It can lead to serious complications in some people, but this is
Bacteria can cause urinary tract infections (UTIs) and bladder infections, leading the lymph nodes in that area to swell. Some other symptoms include:
- frequent urge to urinate
- painful urination
- burning or stinging feeling in the area
- passing little urine
These infections may sometimes require antibiotics. UTIs can lead to more severe infections if a person does not receive treatment.
If a person gets a cut or blister on their foot, bacteria may enter through the skin and cause an infection. This infection can, in turn, cause swelling in the lymph nodes in the groin.
People who have diabetes or neuropathy may be particularly at risk of getting a foot injury without being aware of it. They should check their feet daily for signs of an injury and avoid going barefoot outdoors.
Athlete’s foot, also known as tinea pedis, is a fungal infection that affects the feet.
People may get the infection from walking barefoot in moist public areas, such as swimming pools and locker rooms.
As the body is fighting the fungus, it may cause swollen lymph nodes in the groin. However, athlete’s foot is not a common cause of this symptom, so a person with swollen lymph nodes in the groin should consider other causes before assuming that athlete’s foot is responsible.
Common symptoms of athlete’s foot include:
- itching and burning between the toes
- scaling or peeling of the skin on the feet, especially between the toes
- swelling of the feet or toes
- cracked skin or blisters on the feet or toes
In rare cases, swollen lymph nodes in the groin can be a sign of certain types of cancer that affect the area.
The types of cancer may include:
These cancers may have very few symptoms at first. If a person notices swollen lymph nodes in their groin without an obvious cause, they should see a doctor for an evaluation.
When an infection, inflammation, injury, or other illness affects the body, lymph nodes may swell as they gather the harmful cells and filter them.
A person may be able to feel swollen lymph nodes by gently pressing on the area. They may be tender or painful.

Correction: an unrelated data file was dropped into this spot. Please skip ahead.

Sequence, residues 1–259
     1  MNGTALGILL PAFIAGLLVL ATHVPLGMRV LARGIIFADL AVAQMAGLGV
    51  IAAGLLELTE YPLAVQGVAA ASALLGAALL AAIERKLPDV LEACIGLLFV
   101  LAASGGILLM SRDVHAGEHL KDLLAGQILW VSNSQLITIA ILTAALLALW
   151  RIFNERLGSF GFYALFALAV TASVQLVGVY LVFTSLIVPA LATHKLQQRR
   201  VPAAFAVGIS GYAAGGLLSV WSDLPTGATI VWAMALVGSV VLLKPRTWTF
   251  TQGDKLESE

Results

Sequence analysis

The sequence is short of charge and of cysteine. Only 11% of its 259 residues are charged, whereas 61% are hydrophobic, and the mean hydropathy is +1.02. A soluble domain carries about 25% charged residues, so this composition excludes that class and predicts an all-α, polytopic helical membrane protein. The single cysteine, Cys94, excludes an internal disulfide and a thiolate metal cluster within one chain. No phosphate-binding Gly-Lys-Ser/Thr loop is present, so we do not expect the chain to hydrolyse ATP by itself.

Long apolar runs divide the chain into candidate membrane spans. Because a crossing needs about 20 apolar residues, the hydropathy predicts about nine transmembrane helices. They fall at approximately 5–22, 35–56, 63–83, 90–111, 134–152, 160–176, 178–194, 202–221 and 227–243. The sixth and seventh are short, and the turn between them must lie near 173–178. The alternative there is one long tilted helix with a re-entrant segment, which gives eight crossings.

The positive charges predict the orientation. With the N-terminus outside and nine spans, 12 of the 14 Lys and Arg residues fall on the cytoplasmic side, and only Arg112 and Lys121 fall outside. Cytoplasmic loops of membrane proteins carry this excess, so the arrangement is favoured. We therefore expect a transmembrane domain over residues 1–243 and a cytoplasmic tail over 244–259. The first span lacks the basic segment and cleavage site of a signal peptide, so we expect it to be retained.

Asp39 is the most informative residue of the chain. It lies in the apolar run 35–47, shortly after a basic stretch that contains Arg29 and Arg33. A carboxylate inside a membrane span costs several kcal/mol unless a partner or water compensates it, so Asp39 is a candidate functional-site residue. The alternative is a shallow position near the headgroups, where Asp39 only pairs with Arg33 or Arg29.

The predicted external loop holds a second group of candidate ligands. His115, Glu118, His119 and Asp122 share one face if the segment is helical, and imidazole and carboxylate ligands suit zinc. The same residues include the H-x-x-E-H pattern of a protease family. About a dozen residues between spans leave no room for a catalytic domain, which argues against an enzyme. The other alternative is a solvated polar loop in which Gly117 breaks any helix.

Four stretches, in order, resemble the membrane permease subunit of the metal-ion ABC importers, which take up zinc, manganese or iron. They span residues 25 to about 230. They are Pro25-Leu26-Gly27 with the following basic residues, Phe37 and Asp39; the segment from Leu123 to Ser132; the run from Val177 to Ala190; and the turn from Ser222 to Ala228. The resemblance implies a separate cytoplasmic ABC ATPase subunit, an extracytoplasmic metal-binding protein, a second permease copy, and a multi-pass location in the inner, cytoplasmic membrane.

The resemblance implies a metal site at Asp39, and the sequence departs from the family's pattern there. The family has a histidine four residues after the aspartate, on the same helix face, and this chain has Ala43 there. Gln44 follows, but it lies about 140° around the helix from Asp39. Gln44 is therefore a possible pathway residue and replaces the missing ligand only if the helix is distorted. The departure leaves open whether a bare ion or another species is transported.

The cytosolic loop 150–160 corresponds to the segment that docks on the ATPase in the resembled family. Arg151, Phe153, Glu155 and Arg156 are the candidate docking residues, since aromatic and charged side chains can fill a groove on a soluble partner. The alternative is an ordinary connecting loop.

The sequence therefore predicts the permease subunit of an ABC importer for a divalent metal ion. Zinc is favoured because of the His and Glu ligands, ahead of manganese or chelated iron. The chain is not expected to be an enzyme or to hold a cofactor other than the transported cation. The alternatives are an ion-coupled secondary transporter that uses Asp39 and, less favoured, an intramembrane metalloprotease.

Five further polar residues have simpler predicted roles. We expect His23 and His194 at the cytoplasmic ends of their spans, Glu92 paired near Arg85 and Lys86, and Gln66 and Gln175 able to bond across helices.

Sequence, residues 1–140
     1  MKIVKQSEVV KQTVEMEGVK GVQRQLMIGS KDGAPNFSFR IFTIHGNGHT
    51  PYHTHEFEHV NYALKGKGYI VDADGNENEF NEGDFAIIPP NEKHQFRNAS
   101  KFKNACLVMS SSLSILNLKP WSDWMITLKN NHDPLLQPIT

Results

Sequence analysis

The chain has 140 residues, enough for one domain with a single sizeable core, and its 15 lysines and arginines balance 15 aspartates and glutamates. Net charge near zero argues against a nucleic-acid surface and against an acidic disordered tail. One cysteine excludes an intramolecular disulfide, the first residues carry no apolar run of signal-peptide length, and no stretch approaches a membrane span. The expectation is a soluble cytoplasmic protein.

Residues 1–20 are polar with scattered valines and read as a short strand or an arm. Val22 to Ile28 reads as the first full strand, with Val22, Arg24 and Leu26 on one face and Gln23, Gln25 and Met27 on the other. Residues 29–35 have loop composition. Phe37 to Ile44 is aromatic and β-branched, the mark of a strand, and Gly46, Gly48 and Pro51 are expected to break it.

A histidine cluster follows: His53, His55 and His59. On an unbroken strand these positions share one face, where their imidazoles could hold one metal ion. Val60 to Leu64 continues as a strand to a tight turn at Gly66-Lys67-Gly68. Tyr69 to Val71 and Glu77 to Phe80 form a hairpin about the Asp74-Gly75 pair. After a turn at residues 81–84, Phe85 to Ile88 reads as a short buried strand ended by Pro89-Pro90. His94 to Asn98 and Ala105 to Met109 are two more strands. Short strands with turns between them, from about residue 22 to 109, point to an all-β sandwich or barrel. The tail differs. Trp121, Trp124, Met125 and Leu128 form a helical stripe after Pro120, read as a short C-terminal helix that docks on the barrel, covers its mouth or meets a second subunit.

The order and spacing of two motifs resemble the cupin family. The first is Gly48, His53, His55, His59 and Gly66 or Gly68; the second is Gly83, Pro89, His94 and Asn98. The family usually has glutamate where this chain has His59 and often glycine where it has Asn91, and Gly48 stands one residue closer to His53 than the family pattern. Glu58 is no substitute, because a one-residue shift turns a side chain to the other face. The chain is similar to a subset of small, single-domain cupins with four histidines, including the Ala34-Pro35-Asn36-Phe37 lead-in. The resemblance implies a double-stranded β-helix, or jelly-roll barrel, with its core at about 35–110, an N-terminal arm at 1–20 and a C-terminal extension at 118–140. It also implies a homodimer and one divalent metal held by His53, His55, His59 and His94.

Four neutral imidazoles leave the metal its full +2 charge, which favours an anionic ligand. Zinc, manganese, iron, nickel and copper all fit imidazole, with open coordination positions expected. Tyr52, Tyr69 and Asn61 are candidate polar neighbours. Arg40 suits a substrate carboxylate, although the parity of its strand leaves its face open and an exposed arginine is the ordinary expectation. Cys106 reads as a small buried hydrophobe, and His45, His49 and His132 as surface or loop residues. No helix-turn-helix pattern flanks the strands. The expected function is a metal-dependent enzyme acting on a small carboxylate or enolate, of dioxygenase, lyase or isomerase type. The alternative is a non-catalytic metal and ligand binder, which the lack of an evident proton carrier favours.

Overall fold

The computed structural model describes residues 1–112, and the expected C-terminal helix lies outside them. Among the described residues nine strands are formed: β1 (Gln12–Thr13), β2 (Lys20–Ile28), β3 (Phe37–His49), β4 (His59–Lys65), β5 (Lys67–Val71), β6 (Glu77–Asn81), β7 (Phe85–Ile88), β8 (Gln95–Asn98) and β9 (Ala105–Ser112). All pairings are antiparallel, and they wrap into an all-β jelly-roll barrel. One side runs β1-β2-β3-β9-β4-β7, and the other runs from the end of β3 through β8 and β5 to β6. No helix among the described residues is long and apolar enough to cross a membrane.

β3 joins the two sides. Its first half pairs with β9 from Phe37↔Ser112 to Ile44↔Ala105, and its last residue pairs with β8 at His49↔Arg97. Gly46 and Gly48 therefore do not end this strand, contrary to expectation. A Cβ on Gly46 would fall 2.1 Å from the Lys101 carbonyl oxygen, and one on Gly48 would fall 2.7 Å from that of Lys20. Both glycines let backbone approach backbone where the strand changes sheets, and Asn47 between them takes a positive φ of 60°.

A swollen lymph node in one area can signal that there is inflammation or an infection in that specific area of the body. Doctors refer to this as localized lymphadenopathy.
For instance, swollen lymph nodes in the neck could be a symptom of a cold or the flu. Swollen lymph nodes in the groin are usually a sign that there is an infection or inflammation in the genitals or lower body, such as the legs or possibly the feet.
When more than one area of lymph nodes swell, this is called generalized lymphadenopathy. It may mean that the person has a body-wide infection, impaired drainage, or an immune system disorder.
People should see a doctor if they have persistently swollen lymph nodes that do not lessen over the course of a few days, or if the lymph nodes are painful or causing discomfort.
Treatment for swollen lymph nodes depends on the cause. For instance, cellulitis or skin infections usually require antibiotics.
Jock itch or athlete’s foot may clear up with antifungal medicines. If there is no clear cause of an infection, a doctor may run tests for other conditions.
After treating the underlying cause, the swollen lymph nodes will go back to their normal size.
Swollen lymph nodes are not a disease. They are a sign that the body is fighting off an infection.
In most cases, it is best to see a doctor to determine the cause of swollen lymph nodes in the groin. The doctor can recommend the necessary treatment or order further testing to help them confirm a diagnosis.